Chronic sleep deprivation suppresses immune system
Many people report getting sick when they don't get enough sleep. A new study helps explain why.
Researchers took blood samples from 11 pairs of identical twins with different sleep patterns and discovered that the twin with shorter sleep duration had a depressed immune system, compared with his or her sibling. The findings were published Jan. 25 in the journal Sleep.
"What we show is that the immune system functions best when it gets enough sleep. Seven or more hours of sleep is recommended for optimal health," said lead author Dr. Nathaniel Watson, co-director of the UW Medicine Sleep Center at Harborview Medical Center.
A unique feature of this study was to employ identical twins in order to control for the large genetic determinant to humans' sleep duration. Researchers say genetics account for 31 to 55 percent of sleep duration and behavior and environment account for the remainder.
Dr. Sina Gharib, director of UW Medicine's Computational Medicine Core at the Center for Lung Biology, and the paper's senior author, explained that a lot of existing data shows that curtailing sleep – for a limited time in the laboratory setting – can increase inflammatory markers and activate immune cells. Little is known, though, about the effects of longstanding short sleep duration under natural conditions. This study employed "real world" conditions, he said, and showed for the first time that chronic short sleep shuts down programs involved in immune response of circulating white blood cells.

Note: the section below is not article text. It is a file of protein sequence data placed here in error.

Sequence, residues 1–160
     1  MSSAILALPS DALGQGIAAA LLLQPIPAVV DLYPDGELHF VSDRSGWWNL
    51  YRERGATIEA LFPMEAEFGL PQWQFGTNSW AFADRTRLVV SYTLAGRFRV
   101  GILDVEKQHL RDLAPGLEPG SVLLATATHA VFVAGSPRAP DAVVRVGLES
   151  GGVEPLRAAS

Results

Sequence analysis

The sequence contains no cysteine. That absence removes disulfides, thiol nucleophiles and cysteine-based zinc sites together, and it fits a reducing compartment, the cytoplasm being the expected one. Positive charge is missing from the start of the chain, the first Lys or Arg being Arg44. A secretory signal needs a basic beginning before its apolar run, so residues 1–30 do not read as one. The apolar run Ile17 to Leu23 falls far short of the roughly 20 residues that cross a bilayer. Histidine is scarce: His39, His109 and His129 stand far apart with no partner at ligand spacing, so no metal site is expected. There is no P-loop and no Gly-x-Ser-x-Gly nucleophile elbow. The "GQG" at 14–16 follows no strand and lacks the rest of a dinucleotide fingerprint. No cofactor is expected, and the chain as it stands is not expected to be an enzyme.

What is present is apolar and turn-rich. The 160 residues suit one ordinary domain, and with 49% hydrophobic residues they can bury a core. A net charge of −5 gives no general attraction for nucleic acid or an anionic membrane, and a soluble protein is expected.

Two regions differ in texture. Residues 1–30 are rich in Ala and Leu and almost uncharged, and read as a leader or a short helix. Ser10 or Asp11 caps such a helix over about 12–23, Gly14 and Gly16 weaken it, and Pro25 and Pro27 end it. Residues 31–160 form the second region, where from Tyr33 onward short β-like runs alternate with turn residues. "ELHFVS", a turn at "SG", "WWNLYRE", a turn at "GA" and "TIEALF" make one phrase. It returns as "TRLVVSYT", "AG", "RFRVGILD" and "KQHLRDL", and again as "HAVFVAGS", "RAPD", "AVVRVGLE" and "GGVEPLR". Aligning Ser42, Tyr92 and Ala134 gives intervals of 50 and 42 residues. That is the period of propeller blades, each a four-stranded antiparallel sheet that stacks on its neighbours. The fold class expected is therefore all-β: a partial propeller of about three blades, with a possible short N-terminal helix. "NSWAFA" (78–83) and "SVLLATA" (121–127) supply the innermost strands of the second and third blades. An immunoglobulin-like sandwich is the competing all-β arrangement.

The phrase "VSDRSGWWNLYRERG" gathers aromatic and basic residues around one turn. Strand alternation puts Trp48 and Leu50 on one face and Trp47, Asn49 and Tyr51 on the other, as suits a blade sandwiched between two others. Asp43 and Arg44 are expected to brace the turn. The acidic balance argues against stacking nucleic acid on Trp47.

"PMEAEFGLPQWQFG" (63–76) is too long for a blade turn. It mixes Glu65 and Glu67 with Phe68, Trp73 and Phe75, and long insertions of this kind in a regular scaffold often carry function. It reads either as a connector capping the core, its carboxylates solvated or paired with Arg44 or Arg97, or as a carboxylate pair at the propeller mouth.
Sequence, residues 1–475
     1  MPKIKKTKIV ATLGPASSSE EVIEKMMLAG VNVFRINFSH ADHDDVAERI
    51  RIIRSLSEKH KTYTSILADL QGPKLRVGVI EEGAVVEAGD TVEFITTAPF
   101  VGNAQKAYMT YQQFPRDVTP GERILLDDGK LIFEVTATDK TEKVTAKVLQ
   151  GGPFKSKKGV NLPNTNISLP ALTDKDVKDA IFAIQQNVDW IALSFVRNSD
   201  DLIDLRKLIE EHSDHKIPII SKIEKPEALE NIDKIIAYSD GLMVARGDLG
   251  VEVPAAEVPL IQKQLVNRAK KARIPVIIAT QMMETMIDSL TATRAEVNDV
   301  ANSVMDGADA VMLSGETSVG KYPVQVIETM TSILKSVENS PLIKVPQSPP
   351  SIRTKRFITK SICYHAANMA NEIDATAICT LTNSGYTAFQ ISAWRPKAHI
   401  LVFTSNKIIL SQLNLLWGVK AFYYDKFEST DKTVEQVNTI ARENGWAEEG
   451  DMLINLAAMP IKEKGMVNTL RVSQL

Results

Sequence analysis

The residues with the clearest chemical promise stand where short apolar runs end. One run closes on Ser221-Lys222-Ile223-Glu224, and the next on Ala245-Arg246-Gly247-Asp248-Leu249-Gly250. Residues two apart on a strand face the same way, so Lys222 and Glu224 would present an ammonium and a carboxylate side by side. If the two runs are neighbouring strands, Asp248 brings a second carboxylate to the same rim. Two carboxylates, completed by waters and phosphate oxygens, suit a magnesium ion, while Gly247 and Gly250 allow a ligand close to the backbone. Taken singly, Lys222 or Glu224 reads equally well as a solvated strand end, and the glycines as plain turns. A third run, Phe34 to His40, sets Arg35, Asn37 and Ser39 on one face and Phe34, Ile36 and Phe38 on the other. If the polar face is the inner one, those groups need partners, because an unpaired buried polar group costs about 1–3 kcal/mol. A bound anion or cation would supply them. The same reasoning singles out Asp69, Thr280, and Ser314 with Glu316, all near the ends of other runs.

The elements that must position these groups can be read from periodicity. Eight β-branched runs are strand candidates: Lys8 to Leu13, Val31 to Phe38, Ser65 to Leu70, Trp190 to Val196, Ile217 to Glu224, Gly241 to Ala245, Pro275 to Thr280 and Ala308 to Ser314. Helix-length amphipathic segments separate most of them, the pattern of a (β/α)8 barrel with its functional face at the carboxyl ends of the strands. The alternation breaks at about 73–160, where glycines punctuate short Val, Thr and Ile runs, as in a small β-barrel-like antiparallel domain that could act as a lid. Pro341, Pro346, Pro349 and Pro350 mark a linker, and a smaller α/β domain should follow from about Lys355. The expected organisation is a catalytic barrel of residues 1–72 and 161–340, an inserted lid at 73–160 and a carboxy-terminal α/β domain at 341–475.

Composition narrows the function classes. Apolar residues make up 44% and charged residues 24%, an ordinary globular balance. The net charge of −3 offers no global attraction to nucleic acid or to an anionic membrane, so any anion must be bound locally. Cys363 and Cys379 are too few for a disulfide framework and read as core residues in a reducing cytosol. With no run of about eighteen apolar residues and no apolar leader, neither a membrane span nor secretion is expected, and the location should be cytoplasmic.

"The results are consistent with studies that show when sleep deprived people are given a vaccine, there is a lower antibody response and if you expose sleep deprived people to a rhinovirus they are more likely to get the virus," Watson said. "This study provides further evidence of sleep to overall health and well-being particularly to immune health.
The researchers, citing data from the Centers for Disease Control, said that over the past century people in the United States are sleeping an estimated 1.5 to two hours less, and about one-third of the working population sleeps less than six hours per night.
"Modern society, with its control of light, omnipresent technology and countless competing interests for time, along with the zeitgeist de-emphasizing sleep's importance, has resulted in the widespread deprioritization of sleep," they wrote.
The work was supported by NIH grants K23HL0833350, P30NR011400, ITHS Sleep Pilot Grant and a University of Washington General Clinical Research Pilot Grant.